You cant! Unfortunately, I called them all for my bosses businesses (he has 9 businesses) One said you needed over 100 accounts to report and another said you needed at least 500 accounts to be able to report a client.
You have not stated where your business is.Different States, Provinces and Countries have different rules.In General:You must be able to prove the debt as valid, if you report and can't prove the debt you will be in legal trouble.Call the credit reporting agency, they will help you with how to report.If you need to figure out who to call ask your bank. They will have the #.
Answerthe last i heard, you have to join a credit bureau, which can cost $400 a year (there are 3, i think, experian, equifax and something else) but you'd have to wait up to a year for them to pay. the other alternative is to send a demand letter and if that doesn't work, take them to court. if they lose, it will appear on the credit report.You can also report your difficult or nonpaying customers at http://www.clientcritic.comIt is free to join! Check it out!
You would have to become a contributing member of the credit bureau in question to contribute information on an individual. This is not always possible (legally), nor cost-worthy. However, if you wanted to sue your former tenant in small claims or civil court; if you prevail and are granted a judgment, THAT legal item would get picked up and eventually show on the person's credit report.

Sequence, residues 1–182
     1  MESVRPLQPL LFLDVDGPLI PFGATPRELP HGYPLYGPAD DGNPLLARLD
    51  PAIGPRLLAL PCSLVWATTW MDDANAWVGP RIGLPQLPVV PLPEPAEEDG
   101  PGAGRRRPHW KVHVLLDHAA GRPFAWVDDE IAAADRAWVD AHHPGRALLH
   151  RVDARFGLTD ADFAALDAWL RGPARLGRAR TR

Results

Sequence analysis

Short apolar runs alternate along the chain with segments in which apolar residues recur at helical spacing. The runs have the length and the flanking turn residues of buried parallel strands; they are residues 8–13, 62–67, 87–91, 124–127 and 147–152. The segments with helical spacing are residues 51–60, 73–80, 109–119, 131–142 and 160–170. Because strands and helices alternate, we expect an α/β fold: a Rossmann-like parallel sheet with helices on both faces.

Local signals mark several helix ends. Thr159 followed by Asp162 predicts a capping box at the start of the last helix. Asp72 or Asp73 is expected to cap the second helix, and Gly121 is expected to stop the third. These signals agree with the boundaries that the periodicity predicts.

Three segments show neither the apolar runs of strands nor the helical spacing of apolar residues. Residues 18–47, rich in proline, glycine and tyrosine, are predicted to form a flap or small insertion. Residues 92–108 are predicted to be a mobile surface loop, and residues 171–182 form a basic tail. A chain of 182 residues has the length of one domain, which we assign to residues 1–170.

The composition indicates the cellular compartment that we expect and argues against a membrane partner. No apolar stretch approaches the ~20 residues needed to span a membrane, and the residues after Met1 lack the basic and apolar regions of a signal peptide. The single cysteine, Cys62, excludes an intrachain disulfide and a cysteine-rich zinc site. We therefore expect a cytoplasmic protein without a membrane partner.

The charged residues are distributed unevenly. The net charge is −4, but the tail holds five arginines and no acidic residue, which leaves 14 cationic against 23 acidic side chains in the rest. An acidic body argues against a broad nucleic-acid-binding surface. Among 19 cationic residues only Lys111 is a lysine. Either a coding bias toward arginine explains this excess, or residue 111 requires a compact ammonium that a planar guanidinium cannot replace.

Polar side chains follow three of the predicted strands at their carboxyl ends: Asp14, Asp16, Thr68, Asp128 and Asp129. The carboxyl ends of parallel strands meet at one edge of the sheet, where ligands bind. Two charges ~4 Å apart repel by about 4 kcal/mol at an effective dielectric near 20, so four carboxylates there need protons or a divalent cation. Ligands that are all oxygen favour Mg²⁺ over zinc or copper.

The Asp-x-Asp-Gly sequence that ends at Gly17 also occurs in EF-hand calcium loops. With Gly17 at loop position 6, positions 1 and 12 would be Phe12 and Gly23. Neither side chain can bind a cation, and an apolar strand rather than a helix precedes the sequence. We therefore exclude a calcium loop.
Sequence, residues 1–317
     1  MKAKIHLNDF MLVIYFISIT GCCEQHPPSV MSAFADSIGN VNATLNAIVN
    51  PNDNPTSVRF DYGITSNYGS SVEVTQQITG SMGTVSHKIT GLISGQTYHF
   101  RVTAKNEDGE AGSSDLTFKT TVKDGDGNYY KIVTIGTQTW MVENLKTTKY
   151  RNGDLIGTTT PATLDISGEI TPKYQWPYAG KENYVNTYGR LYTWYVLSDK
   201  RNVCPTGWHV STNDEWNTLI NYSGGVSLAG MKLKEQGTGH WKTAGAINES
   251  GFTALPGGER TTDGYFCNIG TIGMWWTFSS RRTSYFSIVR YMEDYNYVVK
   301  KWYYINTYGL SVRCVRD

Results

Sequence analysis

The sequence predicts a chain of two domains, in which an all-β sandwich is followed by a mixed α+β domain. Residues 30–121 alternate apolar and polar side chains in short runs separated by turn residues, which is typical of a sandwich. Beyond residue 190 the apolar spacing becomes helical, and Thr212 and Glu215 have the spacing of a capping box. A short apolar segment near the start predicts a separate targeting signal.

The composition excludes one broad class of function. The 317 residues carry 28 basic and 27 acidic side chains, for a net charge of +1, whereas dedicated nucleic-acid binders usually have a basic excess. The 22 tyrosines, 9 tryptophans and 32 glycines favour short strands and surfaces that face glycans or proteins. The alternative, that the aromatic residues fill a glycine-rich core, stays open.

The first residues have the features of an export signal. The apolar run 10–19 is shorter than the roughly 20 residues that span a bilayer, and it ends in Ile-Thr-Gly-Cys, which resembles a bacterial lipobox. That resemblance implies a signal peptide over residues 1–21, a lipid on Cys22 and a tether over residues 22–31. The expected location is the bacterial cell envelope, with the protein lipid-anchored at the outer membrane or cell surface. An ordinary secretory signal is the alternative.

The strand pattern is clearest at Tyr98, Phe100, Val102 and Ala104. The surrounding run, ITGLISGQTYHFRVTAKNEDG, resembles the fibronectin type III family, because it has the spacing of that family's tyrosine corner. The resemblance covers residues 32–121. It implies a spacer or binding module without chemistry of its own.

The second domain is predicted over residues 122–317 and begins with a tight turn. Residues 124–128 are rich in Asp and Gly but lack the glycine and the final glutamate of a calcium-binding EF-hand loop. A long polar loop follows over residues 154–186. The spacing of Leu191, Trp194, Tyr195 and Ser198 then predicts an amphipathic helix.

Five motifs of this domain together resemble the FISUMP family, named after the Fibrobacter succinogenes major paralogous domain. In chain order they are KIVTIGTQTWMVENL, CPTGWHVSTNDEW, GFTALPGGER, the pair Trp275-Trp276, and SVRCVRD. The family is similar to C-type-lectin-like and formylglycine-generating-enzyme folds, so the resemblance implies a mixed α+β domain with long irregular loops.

For business credit cards you must have a business credit profile. Without a business profile and a business credit score you cannot get a "business" credit card. What you CAN get is a personally guaranteed credit card for business use. What people often fail to realize that by personally signing for a credit card it is STILL a personal credit card. The only difference is that the bank says "this is a business credit card" and it is to be used for business purchases. Consider building up your business credit profile before applying for a real business credit card (a credit card which allows the business to be its own collateral, not you). A true business credit card is a line of credit that is taken in the name of the business, under the business' credit. Activity, whether good or bad, is reflected on your business' credit report through D&B and other financial institutions, and the liability for any debts incurred and bills owed is with the business. However, some companies out there offer "business" credit cards which they require a person guarantee for. These institutions will often ask for a personal guarantee, and will almost always ask for a social security number from the person applying for the card. If this is the case, the credit card is not a business credit card, but is simply a personal credit card which is used for the business. The business is not liable for bills and debts - you are. When applying for a credit card for your business, watch out for areas asking for your SSN (and not your TaxID or EIN) and be wary of any credit card that asks for a personal guarantee. By ensuring that your credit card is in the name of your business, you can help to build your business' credit, while avoiding creating problems with your own. Many companies offer a list of credit cards that are issued under the business name only. Those lists typically run $300-$900, depending on the quality of the information inquiring. If your business is a sole prop., you are not going to get a credit card with only your tax id number. Our business has a credit card with our business name on it, however, it shows up on our personal credit report. If your business is a partnership, your local bank may help you get a credit card using your tax id number. Our local bank here in TN worked with us. Internet offers are no help in this situation. We also found a service that guarantees to help you get business credit cards using a tax id, but they wanted $1,500 for the service. Business Credit is separate from Personal credit - that is important to remember as a small business owner. Many business owners, just like in this question, have bad credit but that is not to be confused with business credit. Just like Equifax reports credibility of an individual the business has a credit reporting agency that reports on its stability as well. The key is to get your business registered with the credit reporting agency so that lenders can feel comfortable issues out loans, credit lines, or extended terms to the business. Bad credit or lack of credit is no longer an obstacle that prevents the small business owner from finding financing or funding their small business. Small business loans are available to those who have incorporated their business, have a corporate tax id and are willing to keep up their business profit and the business credit score.
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